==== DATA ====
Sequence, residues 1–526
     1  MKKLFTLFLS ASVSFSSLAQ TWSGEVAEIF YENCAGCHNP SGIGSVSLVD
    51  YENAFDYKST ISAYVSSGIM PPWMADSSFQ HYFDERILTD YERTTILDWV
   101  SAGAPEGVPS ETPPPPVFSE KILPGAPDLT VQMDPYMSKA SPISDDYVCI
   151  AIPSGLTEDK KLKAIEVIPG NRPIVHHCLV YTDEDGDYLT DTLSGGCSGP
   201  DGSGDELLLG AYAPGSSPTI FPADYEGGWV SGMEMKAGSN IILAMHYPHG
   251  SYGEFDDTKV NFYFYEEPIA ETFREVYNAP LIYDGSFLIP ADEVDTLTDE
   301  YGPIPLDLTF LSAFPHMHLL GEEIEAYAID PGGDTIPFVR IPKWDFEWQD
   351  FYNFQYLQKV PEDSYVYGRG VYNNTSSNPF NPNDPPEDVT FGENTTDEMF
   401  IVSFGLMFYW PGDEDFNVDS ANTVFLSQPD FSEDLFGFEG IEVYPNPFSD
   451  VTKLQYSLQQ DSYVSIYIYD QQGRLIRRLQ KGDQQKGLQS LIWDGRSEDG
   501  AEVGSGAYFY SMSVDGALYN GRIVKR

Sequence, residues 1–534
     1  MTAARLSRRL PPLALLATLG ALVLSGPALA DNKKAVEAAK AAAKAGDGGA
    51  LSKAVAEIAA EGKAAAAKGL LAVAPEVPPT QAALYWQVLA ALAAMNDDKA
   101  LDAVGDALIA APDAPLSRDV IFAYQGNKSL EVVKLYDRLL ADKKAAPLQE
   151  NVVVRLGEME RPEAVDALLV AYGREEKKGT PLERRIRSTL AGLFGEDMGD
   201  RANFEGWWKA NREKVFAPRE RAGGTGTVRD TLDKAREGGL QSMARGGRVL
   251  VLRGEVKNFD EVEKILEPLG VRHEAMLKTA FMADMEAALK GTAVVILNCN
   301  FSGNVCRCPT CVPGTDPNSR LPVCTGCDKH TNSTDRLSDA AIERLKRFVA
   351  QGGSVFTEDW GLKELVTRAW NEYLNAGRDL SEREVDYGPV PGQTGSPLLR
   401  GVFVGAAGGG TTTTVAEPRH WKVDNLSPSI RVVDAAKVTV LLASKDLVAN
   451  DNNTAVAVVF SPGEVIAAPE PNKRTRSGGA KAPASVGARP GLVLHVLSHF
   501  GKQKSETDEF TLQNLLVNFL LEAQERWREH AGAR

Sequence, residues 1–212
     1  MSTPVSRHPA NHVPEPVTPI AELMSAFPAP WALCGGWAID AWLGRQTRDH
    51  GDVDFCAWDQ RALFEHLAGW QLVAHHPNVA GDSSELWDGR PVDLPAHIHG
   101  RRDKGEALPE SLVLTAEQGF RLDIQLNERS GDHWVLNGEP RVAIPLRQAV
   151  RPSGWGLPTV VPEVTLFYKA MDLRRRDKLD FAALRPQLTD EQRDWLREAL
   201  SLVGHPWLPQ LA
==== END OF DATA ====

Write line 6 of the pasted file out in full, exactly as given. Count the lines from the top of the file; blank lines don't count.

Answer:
   201  DGSGDELLLG AYAPGSSPTI FPADYEGGWV SGMEMKAGSN IILAMHYPHG